This paper elaborates how Dagadu as one of creative design producers in Indonesia employs a counter-hegemonic movement toward American culture that dominates Indonesians’ everyday life by parodying global symbols from America on its t-shirts. Gramsci distinguishes between coercive control which is manifest through direct force or the threat of force, and consensual control which arises when individuals ‘willingly’ or ‘voluntary’ assimilate the world-view or hegemony of the dominant group; an assimilation which allows the group to be hegemonic (in Strinati, 2004). Meanwhile, counter-hegemony arises when individuals use the same practices of hegemonic domination to challenge that domination (Gramsci in West and Turner, 2007). Using hegemony and counter-hegemony theory of Antonio Gramsci as the theoretical framework; Americanization of F. Williams as the conceptual framework; and semiotic as the analysis tool, this paper shows that in Indonesia, a counter to hegemony movement rises from locality awareness instead of political neither economical aspects. Dagadu resists Americanization with “Jogjanization” (derived from the word “Jogja”; a city in Indonesia where Dagadu was born and grows its business) which is employed in a non-radical, non-sarcastic and also in a non-serious way. As the representation of the youth with their rebellion and unique characters, Dagadu is a fashion that posits itself as a communicator that encodes locality in globalization. In this context, Dagadu proposes nationalism and capitalism altogether.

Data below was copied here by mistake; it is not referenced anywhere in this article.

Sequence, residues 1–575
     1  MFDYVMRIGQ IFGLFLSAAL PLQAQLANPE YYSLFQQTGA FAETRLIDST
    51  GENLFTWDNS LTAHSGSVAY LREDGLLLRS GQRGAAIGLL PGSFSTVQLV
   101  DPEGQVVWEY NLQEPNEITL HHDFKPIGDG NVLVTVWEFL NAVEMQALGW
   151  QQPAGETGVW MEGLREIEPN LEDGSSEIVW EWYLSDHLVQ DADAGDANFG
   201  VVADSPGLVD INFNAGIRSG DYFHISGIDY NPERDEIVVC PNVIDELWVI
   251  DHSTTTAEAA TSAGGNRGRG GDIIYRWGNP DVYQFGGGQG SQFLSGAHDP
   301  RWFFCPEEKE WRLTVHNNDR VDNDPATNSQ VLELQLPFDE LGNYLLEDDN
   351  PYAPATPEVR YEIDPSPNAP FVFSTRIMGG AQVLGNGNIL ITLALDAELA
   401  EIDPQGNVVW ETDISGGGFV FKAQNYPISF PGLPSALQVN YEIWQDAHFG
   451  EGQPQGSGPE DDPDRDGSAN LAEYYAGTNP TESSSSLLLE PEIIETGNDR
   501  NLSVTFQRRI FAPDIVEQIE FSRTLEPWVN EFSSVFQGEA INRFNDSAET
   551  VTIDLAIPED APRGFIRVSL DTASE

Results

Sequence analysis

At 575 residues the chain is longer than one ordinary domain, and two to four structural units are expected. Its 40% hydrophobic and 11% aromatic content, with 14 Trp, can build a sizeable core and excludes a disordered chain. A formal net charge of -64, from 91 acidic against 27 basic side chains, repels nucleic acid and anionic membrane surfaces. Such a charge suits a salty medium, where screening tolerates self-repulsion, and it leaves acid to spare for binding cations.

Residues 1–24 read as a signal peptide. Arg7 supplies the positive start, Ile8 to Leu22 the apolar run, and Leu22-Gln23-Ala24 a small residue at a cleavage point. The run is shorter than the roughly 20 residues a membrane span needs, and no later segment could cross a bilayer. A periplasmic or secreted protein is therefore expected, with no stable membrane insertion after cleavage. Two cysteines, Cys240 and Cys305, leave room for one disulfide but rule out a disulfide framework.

Irsanti Widuri Asih, Universitas Terbuka, Inonesia
Stream: Social Sciences
This paper is part of the ACSS2013 Conference Proceedings (View)
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